Dog walking is associated with higher levels of physical activity (PA). However, not all dog owners walk their dog(s) at a level sufficient for health benefits. Therefore, identifying correlates of dog walking may help to inform the design of more effective interventions to promote this specific form of PA. The purpose of this study was to examine psychosocial and environmental correlates of dog walking and relationships of dog walking with overall PA. In 2010, 391 dog owners (Mage= 43.6±12.3 years) completed a survey. Multiple logistic regression and structural equation modeling were used to examine psychosocial and environmental correlates of dog walking status, weekly minutes of dog walking and relationships of dog walking with overall PA. Self-efficacy for dog walking, dog-related outcome expectancies, family social support, dog social support, and neighborhood walking environment were associated with a 1.3 to 5.6 greater odds of being a dog walker. Self-efficacy mediated relationships between family support, dog support, and presence of a yard and dog walking. Neighborhood environment, including the presence of greenery and trails, was also positively associated with duration of dog walking (β=0.17; p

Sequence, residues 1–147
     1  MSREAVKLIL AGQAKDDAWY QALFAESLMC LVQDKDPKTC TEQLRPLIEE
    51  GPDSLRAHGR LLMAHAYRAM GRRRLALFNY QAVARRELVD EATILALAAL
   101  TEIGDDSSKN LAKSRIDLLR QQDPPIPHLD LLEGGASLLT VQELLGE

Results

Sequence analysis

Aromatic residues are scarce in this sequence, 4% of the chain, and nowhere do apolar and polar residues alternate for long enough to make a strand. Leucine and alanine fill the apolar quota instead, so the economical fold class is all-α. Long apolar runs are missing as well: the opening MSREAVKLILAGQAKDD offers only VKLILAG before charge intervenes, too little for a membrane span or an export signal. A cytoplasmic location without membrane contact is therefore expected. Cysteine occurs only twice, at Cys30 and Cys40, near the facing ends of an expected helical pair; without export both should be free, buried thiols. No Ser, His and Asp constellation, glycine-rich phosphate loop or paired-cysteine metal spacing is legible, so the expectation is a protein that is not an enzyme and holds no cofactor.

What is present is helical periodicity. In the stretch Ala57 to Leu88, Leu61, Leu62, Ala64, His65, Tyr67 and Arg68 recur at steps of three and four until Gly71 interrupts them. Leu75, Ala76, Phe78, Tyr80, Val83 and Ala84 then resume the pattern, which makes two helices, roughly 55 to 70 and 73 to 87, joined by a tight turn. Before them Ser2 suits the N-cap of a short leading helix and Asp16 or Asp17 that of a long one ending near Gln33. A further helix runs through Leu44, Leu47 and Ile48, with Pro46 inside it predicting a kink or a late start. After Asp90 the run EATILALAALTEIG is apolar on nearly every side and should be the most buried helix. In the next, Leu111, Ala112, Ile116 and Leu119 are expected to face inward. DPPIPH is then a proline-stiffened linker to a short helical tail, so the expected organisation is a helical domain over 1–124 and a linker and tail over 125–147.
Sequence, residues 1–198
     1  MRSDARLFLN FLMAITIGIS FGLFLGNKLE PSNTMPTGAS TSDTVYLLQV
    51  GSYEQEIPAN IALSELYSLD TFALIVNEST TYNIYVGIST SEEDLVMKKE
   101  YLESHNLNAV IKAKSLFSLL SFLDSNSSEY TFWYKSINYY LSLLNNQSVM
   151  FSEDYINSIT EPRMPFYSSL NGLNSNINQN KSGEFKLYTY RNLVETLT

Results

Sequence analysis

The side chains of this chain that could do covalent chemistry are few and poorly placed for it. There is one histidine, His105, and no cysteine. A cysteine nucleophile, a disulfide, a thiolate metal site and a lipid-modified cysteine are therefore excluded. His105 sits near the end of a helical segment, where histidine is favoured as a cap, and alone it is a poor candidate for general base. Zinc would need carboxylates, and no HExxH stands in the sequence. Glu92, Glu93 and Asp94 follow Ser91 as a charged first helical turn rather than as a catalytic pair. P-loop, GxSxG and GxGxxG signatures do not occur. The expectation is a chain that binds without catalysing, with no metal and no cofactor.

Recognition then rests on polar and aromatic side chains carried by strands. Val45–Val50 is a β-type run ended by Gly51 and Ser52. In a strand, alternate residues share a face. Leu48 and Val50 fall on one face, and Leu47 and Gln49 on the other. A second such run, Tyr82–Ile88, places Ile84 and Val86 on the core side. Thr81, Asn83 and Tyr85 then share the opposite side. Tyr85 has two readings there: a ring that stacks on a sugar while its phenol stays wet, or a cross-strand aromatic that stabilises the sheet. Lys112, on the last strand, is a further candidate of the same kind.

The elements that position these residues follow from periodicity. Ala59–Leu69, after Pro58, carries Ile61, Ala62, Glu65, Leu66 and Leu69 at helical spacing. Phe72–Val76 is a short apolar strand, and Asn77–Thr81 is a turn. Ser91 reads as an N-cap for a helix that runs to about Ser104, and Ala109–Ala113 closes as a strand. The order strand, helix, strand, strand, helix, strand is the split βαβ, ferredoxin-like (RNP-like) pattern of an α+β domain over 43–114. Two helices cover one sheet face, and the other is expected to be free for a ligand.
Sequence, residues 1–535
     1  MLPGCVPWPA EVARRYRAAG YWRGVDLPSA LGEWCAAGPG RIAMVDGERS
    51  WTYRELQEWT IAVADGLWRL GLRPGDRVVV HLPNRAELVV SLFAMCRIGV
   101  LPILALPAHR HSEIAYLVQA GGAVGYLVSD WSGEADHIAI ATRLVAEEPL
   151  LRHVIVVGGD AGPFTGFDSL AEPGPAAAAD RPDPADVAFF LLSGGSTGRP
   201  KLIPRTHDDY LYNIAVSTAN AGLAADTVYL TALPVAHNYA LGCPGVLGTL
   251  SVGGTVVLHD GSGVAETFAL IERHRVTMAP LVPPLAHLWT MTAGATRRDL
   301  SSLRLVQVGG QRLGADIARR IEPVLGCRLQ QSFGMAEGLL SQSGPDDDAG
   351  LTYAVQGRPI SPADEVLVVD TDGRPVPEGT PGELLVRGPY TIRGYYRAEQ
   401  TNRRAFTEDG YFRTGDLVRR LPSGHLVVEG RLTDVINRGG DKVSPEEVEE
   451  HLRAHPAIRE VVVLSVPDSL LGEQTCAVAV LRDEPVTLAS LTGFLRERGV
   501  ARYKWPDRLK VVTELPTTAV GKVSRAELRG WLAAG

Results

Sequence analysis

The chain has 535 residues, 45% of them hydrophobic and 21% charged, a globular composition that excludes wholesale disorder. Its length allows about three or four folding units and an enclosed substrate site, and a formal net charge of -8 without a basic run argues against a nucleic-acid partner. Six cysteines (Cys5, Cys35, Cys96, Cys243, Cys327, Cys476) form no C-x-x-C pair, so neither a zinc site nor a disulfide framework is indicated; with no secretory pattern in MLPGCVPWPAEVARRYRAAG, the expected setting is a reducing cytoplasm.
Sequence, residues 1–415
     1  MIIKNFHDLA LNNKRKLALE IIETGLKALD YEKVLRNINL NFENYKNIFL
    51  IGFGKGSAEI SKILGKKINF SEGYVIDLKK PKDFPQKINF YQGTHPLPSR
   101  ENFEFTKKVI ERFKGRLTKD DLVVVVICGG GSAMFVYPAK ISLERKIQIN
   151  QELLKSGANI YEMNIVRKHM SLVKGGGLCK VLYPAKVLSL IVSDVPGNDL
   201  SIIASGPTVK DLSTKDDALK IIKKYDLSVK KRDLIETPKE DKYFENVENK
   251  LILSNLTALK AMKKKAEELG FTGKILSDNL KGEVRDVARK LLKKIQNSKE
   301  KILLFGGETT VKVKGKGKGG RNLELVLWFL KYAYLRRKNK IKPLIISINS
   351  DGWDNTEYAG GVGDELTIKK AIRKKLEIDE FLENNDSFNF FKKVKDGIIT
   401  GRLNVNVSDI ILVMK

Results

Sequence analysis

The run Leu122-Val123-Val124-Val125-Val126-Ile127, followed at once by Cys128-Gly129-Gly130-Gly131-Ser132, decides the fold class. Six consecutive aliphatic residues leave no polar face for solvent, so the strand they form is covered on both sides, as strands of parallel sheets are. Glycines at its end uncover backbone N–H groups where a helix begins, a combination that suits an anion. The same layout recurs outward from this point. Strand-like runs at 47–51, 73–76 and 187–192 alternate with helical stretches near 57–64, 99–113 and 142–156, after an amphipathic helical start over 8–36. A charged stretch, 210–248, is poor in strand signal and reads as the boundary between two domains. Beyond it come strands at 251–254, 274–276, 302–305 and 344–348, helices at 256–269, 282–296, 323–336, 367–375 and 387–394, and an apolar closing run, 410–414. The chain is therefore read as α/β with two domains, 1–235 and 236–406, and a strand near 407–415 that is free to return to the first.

Date of this Version
Richards, Elizabeth; McDonough, Megan H.; Edwards, Nancy E.; Lyle, RM; and Troped, Philip J., "Psychosocial and Environmental Factors Associated with Dog" (2013). School of Nursing Faculty Publications. Paper 12.
This is an Author's Original Manuscript of an article submitted for consideration in the International Journal of Health Promotion and Education [copyright Taylor & Francis]; International Journal of Health Promotion and Education is available online at http://www.tandfonline.com/10.1080/14635240.2013.802546.